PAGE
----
The Conservative party has long faced criticism over its failure to tackle Islamophobia within the organisation, with allegations being made against senior and prominent politicians in the party such as Boris Johnson and Michal Gove. In 2018, the Muslim Council of Britain called for an independent inquiry into the problem. Citing nine cases of anti-Islam sentiment from individual Conservative party politicians, they urged that this was in fact “the tip of the iceberg”, and Islamophobia had “poisoned” sections of the party1. The call for an inquiry was further backed by 350 mosques and eleven umbrella organisations across the United Kingdom. Founding members of the Conservative Muslim Forum, such as Baroness Warsi, Baron Mohamed Sheikh and Mohammed Amin, also strongly backed the call for an inquiry.
Three years on from this call however, further criticisms have arisen over the demonstrations of commitment the Conservatives have shown towards the issue of tackling Islamophobia within the party2.
The Conservative Party Debate
A year after the call from the Muslim Council of Britain, and prior to the 2019 UK General Election, Islamophobia became a prominent topic amongst the Conservative party leadership candidates. During a live television debate, Boris Johnson, Jeremy Hunt, Michael Gove, Sajid Javid, and Rory Stewart, each committed to commissioning an independent investigation into Islamophobia should they be successful in becoming party leader. Sajid Javid, himself a Muslim, had previously called for such action to be taken and stressed that “there was a concern [about] growing anti-Muslim hatred in our country, certainly over the last few years, in all parts of society. And, wherever that is, including in political parties, it must be absolutely rooted out”3. Although a spokesperson for Javid’s campaign further stated that whilst Said is concerned about rising divisions and Islamophobia, “he does not have any reason to believe there is anything endemic in the Tory party” that breeds it4.
Audience responses to the debate however, were far from convinced about the sincerity of the politicians commitments. After the debate, Abdullah Patel, an imam from Bristol who had questioned the candidates, took to twitter to express his disappointment with the responses and shared his own experiences of Islamophobia. Such experiences, he tweets, are not unique to his own position but something he sees many British Muslims facing in the UK. Patel considered it to be “a shame out leaders can’t see it from their high towers” and more must be done to tackle the issues faced.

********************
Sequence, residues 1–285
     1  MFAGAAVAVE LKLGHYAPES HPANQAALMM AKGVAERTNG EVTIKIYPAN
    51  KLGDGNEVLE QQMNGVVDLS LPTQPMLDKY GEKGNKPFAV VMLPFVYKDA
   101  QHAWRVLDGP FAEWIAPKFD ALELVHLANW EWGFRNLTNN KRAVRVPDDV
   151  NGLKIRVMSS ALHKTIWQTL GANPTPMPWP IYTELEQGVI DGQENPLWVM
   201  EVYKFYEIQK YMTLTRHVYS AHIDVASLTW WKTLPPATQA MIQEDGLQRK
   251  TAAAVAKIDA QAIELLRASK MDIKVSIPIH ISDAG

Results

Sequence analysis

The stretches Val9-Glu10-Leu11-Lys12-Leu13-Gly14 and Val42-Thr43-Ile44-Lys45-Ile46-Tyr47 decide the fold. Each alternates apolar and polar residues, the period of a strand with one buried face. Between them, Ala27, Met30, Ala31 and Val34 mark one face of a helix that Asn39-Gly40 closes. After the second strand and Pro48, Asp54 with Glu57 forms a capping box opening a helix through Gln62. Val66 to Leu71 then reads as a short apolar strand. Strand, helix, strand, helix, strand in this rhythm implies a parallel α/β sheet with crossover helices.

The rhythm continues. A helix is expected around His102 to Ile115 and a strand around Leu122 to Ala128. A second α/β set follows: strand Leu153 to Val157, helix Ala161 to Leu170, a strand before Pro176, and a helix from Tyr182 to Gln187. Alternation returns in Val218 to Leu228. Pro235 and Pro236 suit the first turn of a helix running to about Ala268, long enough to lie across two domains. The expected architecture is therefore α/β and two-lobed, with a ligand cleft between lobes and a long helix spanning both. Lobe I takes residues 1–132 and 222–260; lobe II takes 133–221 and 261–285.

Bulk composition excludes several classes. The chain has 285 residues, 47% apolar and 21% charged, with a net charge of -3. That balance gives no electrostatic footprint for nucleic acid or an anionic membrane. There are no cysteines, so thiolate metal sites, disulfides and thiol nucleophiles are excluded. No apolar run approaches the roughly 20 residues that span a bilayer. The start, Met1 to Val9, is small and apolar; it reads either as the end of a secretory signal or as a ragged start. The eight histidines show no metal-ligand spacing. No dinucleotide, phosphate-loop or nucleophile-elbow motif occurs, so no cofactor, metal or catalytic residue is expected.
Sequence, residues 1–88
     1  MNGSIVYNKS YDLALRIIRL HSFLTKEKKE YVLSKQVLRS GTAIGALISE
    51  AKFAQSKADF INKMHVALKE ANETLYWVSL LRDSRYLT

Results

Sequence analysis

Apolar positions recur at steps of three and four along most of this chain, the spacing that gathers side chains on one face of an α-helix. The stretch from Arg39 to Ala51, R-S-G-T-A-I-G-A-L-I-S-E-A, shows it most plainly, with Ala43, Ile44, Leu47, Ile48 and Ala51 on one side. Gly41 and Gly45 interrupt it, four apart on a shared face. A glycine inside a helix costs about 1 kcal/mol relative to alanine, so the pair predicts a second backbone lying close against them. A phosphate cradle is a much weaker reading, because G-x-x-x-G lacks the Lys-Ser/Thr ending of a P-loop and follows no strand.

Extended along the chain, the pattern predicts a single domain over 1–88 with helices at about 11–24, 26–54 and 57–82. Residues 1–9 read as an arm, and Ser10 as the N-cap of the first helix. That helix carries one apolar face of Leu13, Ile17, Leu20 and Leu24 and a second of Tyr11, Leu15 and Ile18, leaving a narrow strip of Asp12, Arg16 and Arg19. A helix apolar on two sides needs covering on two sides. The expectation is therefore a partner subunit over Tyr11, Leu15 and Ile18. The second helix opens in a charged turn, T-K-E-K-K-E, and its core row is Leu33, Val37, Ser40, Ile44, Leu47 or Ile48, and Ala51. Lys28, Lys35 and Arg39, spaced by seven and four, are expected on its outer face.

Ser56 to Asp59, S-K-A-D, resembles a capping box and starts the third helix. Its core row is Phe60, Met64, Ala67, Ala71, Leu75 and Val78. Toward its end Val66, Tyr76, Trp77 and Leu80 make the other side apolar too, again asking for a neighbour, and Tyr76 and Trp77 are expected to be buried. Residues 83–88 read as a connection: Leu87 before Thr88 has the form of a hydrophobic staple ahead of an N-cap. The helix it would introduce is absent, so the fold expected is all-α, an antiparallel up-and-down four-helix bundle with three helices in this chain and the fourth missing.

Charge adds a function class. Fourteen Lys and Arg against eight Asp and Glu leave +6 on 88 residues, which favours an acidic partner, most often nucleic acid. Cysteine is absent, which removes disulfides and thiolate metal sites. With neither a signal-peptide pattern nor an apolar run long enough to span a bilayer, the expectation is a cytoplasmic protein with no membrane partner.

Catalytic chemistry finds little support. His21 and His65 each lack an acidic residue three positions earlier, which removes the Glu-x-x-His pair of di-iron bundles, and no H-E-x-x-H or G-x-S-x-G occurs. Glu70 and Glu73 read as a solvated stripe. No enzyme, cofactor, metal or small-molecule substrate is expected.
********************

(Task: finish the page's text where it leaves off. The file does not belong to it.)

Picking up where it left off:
Islamophobia Polls and Statistics
Following the leadership debate and further media coverage of Islamophobia incidents within the Conservative party during 2019, HOPE not Hate (a UK based advocacy group that campaigns against racism and racism) commissioned a YouGov poll to Conservative party members. The aim of the poll was to understand how British Muslims were viewed, Islam more generally, and the issues of Islamophobia within the party5. In publishing their results in 2020, HOPE not Hate illustrated how the statistics show the continuation of widespread hostility and prejudice towards Muslims within the party were incredibly alarming. Examples of statistics gathered showed that “47% believe that Islam is ‘a threat to the British way of life'” in comparison to 30% across the wider British general public6. What HOPE not Hate argues to be more distressing, however, is that “Conservative party members refuse to believe that their party has a problem with Islamophobia”7, with 79% dismissing the issue. This figure has increased to 86% among Boris Johnson supporters.